Over two decades ago in the dense undergrowth of the Los Padres National Forest, a Catholic society established a wilderness retreat for disadvantaged, inner-city kids who, for the most part, had never ventured into California’s vast backcountry.
Today, the Circle V Ranch Camp is a weeklong home to children ages 7 to 13, 90 percent of whom qualify for the minimal fee of $60. Patrons of the Society of St. Vincent de Paul pay the remainder.
Ray Lopez, the camp’s director, has served with the camp organization for the past 17 years. He described his admiration and pride in “literally watching these kids grow up.”
“It never ceases to amaze me the magic of the camp,” said Lopez. “It’s amazing how much of a difference six days can make.”
The camp itself is owned and regulated by the U.S. Forest Service, and St. Vincent’s operates the property for nine weeks from late June through August. Deprived of video games, television, and iPods for the duration of their stay, campers are guided through a host of traditional activities, including hiking, swimming, craft-making, and field trips to the beach.
“They go home with a greater appreciation for nature. Once you experience it, you want to take care of it, and we are always reminding our kids to honor the earth,” said Lopez.
Last week, the camp hosted its first-ever flute-making program taught by John Zeretzke, a 30-year art education veteran who has spent the past three years teaching his craft at similar camps, like Paul Newman’s Hole in the Wall Camps and Ronald McDonald Camps, as part of his program, Flutes Across the World.
“Part of the reason why I chose flutes is because everybody relates to them,” said Zeretzke. “You make it accessible; you make it easy. It’s really hand-to-hand, heart-to-heart, eye-to-eye. Flutes can change a life and save a life; music has the ability to change lives immensely.”
Zeretzke spent five hours a day for three days in the Santa Ynez Mountains that surround St. Vincent’s, where he instructed campers on flute technique and design. The components—cheap bamboo and PVC pipe from Home Depot—were decorated with permanent markers during two-hour workshop sessions. Each flute was adorned with a symbol of peace or friendship, inspired by a packet of mystical patterns provided by Zeretzke.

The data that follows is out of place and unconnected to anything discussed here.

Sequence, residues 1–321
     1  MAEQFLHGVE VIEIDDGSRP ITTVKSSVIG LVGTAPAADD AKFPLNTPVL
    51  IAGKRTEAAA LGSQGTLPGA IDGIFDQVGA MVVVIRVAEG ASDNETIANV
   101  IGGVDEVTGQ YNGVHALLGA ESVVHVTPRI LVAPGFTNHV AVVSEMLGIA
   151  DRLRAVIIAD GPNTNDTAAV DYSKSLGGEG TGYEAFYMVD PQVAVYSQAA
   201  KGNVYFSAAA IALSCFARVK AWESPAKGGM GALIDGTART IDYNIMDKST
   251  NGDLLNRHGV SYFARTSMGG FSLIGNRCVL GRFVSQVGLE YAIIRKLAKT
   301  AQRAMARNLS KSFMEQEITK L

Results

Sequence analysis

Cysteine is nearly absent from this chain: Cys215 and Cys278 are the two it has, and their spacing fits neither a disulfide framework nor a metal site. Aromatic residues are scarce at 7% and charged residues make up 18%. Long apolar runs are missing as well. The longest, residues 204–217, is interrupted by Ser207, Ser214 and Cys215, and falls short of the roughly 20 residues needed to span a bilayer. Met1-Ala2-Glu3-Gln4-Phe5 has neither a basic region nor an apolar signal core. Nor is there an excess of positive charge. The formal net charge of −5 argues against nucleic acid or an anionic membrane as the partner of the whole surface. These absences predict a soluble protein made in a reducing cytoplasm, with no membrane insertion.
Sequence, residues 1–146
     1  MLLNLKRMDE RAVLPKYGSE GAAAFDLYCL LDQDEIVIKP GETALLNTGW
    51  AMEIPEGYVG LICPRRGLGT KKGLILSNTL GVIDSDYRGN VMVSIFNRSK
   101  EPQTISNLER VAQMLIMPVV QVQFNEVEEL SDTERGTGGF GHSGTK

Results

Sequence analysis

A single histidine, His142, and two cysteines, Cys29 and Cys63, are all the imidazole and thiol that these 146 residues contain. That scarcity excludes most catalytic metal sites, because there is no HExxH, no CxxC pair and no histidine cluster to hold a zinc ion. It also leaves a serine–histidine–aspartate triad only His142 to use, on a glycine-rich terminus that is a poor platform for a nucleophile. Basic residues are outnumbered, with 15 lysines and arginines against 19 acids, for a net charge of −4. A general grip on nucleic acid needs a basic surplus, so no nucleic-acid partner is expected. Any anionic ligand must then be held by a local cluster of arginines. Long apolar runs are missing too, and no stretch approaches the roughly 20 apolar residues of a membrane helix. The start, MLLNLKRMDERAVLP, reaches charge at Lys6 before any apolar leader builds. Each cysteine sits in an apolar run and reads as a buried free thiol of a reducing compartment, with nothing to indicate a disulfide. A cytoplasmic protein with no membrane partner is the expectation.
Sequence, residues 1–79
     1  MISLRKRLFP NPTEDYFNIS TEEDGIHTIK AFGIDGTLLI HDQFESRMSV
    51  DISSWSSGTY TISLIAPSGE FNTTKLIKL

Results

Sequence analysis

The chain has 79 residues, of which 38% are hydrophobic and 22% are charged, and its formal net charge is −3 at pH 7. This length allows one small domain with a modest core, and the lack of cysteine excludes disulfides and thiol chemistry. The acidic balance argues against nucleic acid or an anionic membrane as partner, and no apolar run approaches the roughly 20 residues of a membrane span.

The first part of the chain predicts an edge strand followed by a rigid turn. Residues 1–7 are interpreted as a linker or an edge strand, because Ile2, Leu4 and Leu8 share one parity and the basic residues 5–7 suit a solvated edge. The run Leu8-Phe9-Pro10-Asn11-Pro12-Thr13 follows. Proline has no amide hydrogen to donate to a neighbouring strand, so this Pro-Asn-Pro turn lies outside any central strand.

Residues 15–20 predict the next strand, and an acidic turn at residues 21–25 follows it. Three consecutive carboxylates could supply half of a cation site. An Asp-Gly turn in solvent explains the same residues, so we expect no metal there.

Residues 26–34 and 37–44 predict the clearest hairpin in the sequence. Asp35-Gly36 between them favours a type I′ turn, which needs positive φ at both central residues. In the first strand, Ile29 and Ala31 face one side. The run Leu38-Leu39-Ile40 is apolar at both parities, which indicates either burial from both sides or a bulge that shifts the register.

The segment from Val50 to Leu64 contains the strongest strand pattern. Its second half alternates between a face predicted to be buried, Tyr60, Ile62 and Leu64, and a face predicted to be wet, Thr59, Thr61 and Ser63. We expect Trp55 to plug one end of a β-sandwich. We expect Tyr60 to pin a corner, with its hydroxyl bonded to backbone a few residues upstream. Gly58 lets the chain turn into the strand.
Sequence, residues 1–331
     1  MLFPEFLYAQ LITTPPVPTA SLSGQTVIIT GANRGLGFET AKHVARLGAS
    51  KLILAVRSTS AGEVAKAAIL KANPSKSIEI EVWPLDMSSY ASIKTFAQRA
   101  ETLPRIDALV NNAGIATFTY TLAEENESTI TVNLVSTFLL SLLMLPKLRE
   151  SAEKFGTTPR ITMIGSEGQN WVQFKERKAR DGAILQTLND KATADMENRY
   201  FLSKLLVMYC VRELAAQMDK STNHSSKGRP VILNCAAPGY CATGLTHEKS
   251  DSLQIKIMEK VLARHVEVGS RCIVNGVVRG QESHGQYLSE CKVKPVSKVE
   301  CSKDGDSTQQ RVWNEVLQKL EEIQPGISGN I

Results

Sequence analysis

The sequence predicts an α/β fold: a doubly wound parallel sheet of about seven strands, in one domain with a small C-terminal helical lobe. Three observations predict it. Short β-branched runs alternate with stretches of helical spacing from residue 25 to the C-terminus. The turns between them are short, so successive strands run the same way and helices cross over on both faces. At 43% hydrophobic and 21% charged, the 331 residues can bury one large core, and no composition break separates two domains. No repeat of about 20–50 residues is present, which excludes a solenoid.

On the first night, he held a campfire performance and encouraged camper participation as he used African and South American instruments to create a cacophony of rain-forest noises.
The more than 127 flutes made by the campers in just three days will serve a higher purpose than simple entertainment for campers’ long car rides home. In the workshops, each camper made two flutes, one for themselves and a second, identical one for an unknown “buddy” in Haiti who will receive the musical gift next fall. Inside each gift flute, the kids at Circle V enclosed a secret scroll with a message about themselves, a greeting, or a blessing.
In what will be his first trip to the earthquake-ravaged nation, Zeretzke plans to hand out the flutes made at St. Vincent’s as well as an additional 12,000 others to children in refugee camps and towns.
“For a child to not only get a flute, but to know that somebody cares about them, it is a huge gift,” he said. “I’m going to be hitting camps, refugee towns, and churches. We are going to be linking up with humanitarian organizations.”
Zeretzke stated that he already has a fair number of contacts in the region and that he will be working with the humanitarian group Knightsbridge International. Though it will be his first trip to Haiti, he described the giving process as it was related to him by others who have lent their support.
“So many people want them [flutes] that it can almost be a mob scene. We want to show that it’s coming from an individual who made it for them. That’s very important. Often you have kids [in Haiti] who have no musical instruction at all.”
Back at Circle V, Lopez described a process of youth mentorship that truly comes full circle—kids who join the camp as children and preteens often return to give back as counselors several years later.
“They start at seven and they keep coming back,” he said. “Many return to volunteer for a week and later become counselors. It’s kind of a big cycle where they are giving back after attending Circle V. Counselors bring a lot of energy and creativity to our camp and the campers really look up to them as role models.”
Perhaps Lopez described the camp best when he said, “For many of the kids, it really gives them hope to be somebody.”